Death in Provence by Serena Kent
Serena Kent is the nom de plume of Deborah Lawrenson and her husband Robert Rees. “Serena” is all that remains of a Rees-Lawrenson anagram. They live in Kent, and in a crumbling hamlet in the Luberon. They come to the BookTrail to talk about Death…but it is in Provence….
Why did you team up with your husband?
The book began as a joke a few summers back. I love reading detective fiction in a shady spot in the garden in Provence. As August gets hotter and more slumberous, the lighter and sillier the better. One evening over a glass of rosé, we were discussing what we’d like to do with our hillside garden and were soon fantasising about cypress trees, new stone terracing and planting schemes involving lavender and olives.
It dawned on us that if the house was already an expense (it sucks in cash to little visible effect), then the garden could be a money pit of equal insatiability. So we chatted about how we might build up a Garden Fund, and came up with the idea of writing a fun mystery novel. We thought we’d put it out on Amazon ourselves, and buy cypress trees with anything it earned.
When we’d finished it, I contacted my literary agents out of courtesy to tell them what we planned to do. ‘Hold up,’ they said. ‘Let’s have a look first.’ We did, and miraculously, they all loved the premise, proceeded to make us do a lot more work on it, and we ended up with a handsome two-book deal in the UK and the USA. We have yet to buy anything for the garden, as we’ve been too busy writing the second book, but it is going to look fabulous!
What’s it like working together and how did it work day to day/chapter by chapter?
It started off great fun. With no pressure we each wrote separate parts and we discussed how to stitch them together. As the book progressed, we had more discussions about the plot was evolving and how to solve the difficulties. We have different roles, according to skill and natural inclination.
Rob writes brilliant pantomimes – words and music – for our village in Kent and has a real talent for inventing characters and writing appealing dialogue but he’s not very good on detail. I’m more serious about wordsmithing and have more experience of writing novels, so after my own writing contribution, I did the editing and the bringing together of all the strands. Naturally, I think I’m in charge! Which does (I’m going to be honest, here) lead to some spats, as we are both stubborn as mules. But it’s great to have someone else alongside to drill down into the plot minutiae and offer insights that I hadn’t seen.
Tell us more about the location. How did you research the places?
The Luberon is a sunny landscape of vineyards and orchards, above which rises a wooded massif like a rippled curtain that dominates the south of the main valley. There are perched hill-top villages, dating back a thousand years or more, the most well-known of which are Gordes, Roussillon, Bonnieux, Lacoste and Ménerbes. The ambiance is laid-back but lively in the summer with nightly concerts, art shows, outdoor theatre, and great restaurants with an emphasis on the fabulous local produce.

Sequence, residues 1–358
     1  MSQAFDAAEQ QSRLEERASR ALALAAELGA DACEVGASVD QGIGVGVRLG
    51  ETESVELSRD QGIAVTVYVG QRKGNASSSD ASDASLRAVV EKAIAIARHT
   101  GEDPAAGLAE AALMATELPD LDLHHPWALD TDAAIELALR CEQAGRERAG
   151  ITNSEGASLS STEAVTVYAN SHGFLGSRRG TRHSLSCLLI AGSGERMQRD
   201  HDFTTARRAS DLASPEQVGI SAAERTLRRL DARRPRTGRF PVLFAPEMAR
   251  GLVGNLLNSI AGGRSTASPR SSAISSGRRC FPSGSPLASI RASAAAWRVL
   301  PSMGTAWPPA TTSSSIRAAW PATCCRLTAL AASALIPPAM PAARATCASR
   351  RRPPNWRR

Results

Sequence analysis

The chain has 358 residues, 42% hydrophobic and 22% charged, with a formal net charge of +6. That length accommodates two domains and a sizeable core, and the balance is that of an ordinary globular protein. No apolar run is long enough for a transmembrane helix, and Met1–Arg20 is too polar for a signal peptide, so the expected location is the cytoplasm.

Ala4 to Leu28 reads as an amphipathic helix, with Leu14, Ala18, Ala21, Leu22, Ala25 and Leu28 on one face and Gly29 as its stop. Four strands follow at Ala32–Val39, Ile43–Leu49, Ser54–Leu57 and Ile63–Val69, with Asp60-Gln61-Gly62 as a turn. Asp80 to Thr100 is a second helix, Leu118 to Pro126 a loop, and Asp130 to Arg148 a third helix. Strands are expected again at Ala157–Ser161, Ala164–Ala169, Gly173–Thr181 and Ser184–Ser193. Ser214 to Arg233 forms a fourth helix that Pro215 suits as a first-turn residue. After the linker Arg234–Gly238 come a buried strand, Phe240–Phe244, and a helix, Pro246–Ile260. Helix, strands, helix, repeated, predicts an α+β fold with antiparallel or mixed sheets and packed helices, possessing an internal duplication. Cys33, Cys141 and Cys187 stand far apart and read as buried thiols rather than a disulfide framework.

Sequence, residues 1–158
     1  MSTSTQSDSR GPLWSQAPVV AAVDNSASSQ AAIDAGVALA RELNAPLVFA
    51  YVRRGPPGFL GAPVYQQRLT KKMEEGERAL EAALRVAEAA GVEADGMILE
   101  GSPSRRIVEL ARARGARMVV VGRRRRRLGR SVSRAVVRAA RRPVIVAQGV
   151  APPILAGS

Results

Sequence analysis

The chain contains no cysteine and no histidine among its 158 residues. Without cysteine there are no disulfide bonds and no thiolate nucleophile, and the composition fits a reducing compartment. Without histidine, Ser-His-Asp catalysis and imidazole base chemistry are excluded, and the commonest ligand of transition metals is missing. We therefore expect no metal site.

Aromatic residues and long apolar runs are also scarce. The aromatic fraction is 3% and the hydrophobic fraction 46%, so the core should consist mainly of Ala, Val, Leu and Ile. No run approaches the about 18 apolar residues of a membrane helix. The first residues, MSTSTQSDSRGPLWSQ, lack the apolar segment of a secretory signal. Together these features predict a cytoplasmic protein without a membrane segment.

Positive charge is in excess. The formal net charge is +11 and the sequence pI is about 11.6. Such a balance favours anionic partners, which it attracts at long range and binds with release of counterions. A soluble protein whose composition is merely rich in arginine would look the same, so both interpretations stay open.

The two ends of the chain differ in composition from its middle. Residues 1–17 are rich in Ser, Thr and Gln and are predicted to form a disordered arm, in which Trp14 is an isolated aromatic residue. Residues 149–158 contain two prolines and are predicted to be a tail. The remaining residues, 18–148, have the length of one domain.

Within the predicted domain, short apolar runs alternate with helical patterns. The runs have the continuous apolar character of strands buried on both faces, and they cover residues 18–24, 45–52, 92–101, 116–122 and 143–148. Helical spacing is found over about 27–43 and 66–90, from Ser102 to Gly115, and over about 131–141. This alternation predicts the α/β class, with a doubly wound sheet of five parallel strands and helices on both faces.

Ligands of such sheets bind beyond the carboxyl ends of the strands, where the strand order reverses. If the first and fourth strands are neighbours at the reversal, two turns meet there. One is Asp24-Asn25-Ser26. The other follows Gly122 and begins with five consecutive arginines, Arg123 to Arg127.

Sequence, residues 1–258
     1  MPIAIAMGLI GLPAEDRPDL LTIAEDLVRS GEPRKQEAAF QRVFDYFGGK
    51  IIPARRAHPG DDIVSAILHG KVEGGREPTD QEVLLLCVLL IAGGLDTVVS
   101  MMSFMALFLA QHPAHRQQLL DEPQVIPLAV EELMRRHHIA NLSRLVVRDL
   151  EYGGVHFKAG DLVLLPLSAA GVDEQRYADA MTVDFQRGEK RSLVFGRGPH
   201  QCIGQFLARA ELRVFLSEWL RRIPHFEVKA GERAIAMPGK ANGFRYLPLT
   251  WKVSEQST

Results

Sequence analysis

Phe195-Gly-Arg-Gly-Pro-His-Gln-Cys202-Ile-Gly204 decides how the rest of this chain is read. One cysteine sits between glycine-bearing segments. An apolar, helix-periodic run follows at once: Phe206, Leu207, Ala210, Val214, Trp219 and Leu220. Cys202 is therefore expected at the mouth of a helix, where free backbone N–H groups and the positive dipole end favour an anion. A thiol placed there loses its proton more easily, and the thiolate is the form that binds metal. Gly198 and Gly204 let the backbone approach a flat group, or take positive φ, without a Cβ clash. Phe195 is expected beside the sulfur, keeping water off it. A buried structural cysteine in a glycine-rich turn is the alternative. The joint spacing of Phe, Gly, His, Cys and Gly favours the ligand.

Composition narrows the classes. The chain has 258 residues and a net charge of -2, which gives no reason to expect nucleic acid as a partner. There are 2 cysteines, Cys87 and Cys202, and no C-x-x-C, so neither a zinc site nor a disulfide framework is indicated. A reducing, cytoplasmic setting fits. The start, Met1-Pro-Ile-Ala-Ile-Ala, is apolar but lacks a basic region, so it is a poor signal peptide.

Rob’s family owned a house in the region from the early 70s to the late 80s. I first visited The Luberon as his girlfriend after we’d graduated from university, and fell as much in love with the light and the colour and the landscape as all the Reeses were.
In 2007, we were in a position to buy a ramshackle old farming hamlet on the slopes of the Luberon hills and we have proceeded slowly to restore and extend it. The property has breath-taking views over the valley, similar but not identical to the views Penelope Kite enjoys in fictional St Merlot.
How do you evoke the landscape in your novel?
I’m definitely a visual person, and when I write I can see scenes very clearly as if I’m watching a film. I try to bring that to the words on the page so that the reader can imagine it vividly, too. Recently someone, very kindly – and perceptively – told me that when I evoke a sense of place, which is an important element in all my novels, it might more accurately be termed “senses” of place. That’s what I try to do: to write sensuously. I want the narrative to convey not only the sights but the smells and the sounds and the feel of the story’s setting. I think it’s the small details that allow readers to become immersed in a place, not every reader to the same evocation, but each will find something that allows that reaction.
Where should literary tourists head to in order to experience your novel?
Apt is the market town of the region, with Roman origins visible in the amphitheatre under its medieval centre. On Saturday mornings, it has a huge market that has taken place in the narrow street and squares every week for 800 years. The ultimate Provençal market, full of the scents of lavender products and Savon de Marseille, goats’ cheeses, olives, tapenades, spit-roasting chickens, linens, tablecloths, pottery and magnificent displays of seasonal fruit and vegetables.
Saignon overlooks Apt from a fortress-like cliff. It has a gorgeous main street that looks like a set from a 1950s French film, and some sweet little restaurants.
Gordes is the queen of the Luberon perched villages, and often described as one of the most beautiful in France. In summer, it’s home to holidaying French politicans, showbusiness stars and Paris Match photographers. Nearly is the Abbaye de Senanque, the monastery that features on a hundred postcards, with its iconic rows of lavender up to the door and all around.
Bonnieux and Lacoste face each other from separate hills, sacred and profane: Bonnieux with its churches, the largest on the summit, another at the foot of the village; Lacoste with its ruined castle, once the home of the notorious Marquis de Sade, now owned by Paris designer Pierre Cardin, who stages operas there during festival time in the summer.
Thank you Deborah for a fascinating journey to Provence!